ITW with Cécile Tessier Gendreau

A call for action for a suffering youth.

_MG_0509(1)A valuable lesson in humility is what Cécile Tessier-Gendreau took away from her ‘humane adventure.’ For this investigative reporter, directing Ananahi, demain was a real life experience. ‘Things do not look the same after that,’ she confided during the conversation. Concerned by a suffering Polynesian youth in search of its identity, Cécile Tessier-Gendreau went to meet them. What did she discover? A youth marked by 200 years of upheaval, a youth that logically aspires to modernity but also a youth that struggles to build an identity in this world. ‘The young have great difficulty expressing what they feel. Speech is not yet liberated unlike other countries in the Pacific, they are ‘ashamed’ to say things.’ That is why the journalist, a confirmed globe trotter, has turned to music, An important element in Polynesian culture. ‘When I met the Takanini, I knew straight away that I had to film them.’ ‘Takanini’ is a group of Marquesan musicians with a new style of reggae. It sings about its culture, asserts its language and values. The message delivered by their music, a call for action to young people, is somewhat disturbing but fires up the crowds with its evocative power. Still preoccupied by this meeting and this non-competition documentary at FIFO, Cécile Tessier-Gendreau passionately tells us about it.

Tell us about your meeting with this group that is now known throughout French Polynesia…

The first time that I saw Poiti, the author, composer and singer of the group, he seemed completely preoccupied by his culture. In fact, Poiti is someone touched by grace, he is on earth as he has a message to convey, a fight to lead. The other musicians are there to accompany him and help him to shape his message. Poiti is known in the Marquesas as he is a living force. He has had to fight against an illness all of his life. It is therefore evident that the film should focus on him and his film.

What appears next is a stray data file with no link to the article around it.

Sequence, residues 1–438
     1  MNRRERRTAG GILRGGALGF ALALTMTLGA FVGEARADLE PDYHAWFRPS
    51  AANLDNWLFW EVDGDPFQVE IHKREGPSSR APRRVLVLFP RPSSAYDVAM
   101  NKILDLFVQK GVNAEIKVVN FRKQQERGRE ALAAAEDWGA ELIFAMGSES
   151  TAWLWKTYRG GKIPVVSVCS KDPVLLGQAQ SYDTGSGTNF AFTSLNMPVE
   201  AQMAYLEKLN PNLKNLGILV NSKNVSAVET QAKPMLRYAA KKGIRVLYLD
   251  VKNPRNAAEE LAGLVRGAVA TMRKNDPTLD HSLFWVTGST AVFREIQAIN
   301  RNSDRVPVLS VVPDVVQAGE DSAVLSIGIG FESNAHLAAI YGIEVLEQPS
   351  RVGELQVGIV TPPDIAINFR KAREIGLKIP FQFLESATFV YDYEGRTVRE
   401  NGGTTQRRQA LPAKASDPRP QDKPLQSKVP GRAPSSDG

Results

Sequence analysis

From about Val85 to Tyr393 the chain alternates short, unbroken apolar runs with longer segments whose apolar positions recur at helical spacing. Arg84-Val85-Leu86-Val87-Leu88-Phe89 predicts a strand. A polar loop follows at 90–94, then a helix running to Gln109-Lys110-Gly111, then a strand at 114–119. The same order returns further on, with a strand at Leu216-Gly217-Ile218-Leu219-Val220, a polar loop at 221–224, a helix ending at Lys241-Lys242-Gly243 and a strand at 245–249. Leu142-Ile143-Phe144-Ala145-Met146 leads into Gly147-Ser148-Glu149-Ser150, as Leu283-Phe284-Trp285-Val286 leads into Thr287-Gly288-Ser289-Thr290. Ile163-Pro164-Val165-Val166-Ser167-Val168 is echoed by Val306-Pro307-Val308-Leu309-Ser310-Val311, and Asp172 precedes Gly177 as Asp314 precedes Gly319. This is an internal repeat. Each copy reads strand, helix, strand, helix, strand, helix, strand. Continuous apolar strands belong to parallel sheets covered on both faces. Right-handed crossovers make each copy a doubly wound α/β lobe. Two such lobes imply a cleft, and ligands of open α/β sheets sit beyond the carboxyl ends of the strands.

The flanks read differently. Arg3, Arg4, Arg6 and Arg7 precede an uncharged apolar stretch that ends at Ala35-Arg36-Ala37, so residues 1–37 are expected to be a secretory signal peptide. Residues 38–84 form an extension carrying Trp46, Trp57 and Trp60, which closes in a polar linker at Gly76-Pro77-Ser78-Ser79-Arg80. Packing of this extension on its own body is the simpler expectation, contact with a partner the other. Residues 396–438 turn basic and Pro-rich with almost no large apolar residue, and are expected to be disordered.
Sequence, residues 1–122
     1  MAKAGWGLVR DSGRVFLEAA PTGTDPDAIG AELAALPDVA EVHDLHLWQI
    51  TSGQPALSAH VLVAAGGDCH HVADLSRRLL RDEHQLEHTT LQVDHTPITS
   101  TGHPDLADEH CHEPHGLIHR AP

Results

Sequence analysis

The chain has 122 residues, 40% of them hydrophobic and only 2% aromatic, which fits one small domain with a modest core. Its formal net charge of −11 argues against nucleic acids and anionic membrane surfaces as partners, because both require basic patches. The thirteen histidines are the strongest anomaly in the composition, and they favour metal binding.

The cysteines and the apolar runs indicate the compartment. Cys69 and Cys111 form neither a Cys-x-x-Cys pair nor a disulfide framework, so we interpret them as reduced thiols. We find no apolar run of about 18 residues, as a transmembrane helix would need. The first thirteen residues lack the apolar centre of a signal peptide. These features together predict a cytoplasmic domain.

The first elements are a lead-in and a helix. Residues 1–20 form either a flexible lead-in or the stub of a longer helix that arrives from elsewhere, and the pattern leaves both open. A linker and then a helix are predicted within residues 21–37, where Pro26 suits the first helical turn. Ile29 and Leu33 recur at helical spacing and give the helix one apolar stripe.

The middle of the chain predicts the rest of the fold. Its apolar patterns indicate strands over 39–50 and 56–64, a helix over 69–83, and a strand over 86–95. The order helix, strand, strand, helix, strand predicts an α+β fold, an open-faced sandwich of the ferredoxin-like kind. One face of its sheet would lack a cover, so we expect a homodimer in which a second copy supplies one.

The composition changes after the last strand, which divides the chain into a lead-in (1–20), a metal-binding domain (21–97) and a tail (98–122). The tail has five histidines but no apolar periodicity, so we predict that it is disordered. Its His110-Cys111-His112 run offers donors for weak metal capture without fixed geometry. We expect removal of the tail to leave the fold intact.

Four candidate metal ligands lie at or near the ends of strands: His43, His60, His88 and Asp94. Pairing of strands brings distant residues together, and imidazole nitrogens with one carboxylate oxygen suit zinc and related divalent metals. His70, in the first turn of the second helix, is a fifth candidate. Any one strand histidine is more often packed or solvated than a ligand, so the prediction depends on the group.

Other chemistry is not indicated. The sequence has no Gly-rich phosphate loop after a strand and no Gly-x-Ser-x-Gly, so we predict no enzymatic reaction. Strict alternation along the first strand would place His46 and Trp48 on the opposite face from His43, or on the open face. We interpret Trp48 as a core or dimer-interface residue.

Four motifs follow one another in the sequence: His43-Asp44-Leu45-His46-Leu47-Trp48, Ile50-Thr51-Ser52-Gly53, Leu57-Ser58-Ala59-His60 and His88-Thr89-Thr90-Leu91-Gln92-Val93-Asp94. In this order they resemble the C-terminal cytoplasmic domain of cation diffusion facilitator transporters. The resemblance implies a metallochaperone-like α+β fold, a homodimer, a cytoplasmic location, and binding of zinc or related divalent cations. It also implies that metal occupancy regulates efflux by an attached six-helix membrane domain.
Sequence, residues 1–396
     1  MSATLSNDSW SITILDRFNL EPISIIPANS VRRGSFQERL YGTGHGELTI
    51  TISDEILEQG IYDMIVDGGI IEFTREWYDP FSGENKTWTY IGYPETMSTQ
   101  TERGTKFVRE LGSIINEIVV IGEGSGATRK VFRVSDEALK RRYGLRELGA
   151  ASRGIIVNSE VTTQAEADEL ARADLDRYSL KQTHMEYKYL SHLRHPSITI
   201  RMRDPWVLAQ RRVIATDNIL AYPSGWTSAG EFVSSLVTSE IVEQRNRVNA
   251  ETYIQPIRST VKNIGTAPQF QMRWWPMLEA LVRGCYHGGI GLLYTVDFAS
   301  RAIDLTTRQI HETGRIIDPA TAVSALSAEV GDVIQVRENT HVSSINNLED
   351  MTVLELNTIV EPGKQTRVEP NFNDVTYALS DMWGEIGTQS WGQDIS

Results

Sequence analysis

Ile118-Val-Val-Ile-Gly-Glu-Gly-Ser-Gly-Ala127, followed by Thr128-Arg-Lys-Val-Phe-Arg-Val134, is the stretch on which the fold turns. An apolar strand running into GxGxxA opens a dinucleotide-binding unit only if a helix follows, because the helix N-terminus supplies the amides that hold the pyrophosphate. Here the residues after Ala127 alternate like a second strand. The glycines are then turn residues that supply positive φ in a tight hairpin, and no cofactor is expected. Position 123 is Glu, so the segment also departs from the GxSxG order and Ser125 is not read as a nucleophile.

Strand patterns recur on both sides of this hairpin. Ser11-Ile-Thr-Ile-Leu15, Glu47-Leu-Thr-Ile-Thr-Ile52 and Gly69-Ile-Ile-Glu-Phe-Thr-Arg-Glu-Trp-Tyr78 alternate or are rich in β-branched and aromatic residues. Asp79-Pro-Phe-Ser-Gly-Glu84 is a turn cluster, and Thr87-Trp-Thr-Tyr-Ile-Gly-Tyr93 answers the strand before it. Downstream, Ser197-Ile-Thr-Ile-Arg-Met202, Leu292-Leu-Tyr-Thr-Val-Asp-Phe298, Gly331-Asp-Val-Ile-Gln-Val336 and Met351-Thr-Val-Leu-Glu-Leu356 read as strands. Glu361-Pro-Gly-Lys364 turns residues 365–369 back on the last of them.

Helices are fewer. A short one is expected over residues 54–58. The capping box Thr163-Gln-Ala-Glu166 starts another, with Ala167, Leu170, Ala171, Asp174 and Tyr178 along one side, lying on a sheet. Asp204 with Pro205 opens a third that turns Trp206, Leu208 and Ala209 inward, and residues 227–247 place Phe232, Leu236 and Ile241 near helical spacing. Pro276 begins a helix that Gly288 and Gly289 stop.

You therefore used their music to deal with the problem of  Polynesian youths torn between tradition and modernity?

Yes as their music is a call for action as the Takanini say: ‘Let’s take ownership! Stop looking for the guilty ones, we now need to reconstruct.’ Beyond denunciation, the Takanini have a constructive vision of the future. What immediately attracted me to them, was their forward thinking. Today, on the mainland or in Europe, there is talk of decline, of a return to simple values. The Takanini have always advocated this. I also admire their fight towards this return to earth, to the faapu (kitchen garden), whilst the majority of young people aspire to a consumer society. Note though, Takanini is not involved in politics but humanity.

Do you sometimes feel a barrier between your two cultures? 

Not a barrier, I would say more that I feel the difference between our cultures. It is felt particularly in the language, the Tahitian one is based on metaphors. The problem surrounding this documentary has always been in the editing as it was the first time that I had edited a film in which I could not always master the language. For the group’s songs, I asked for a literal translation. It was impossible sometimes to leave it as it was as it would have been incomprehensible for Europeans. I therefore had to modify the translated phrase without losing the meaning or the depth. This was when I understood the challenge for Polynesians as 42 % of them are not fluent in their maternal language or French. How can you flourish when you are not fluent in your language?

You have not tried to look deeper into the historical aspect of Polynesian culture, why?

I have obviously read up a lot about it but I have always favoured reports about society to historical films, even if it is very good. I think that we need to talk about what is happening now, the present is important. A film will not mend the past, on the other hand, but it can encourage us to think about the future.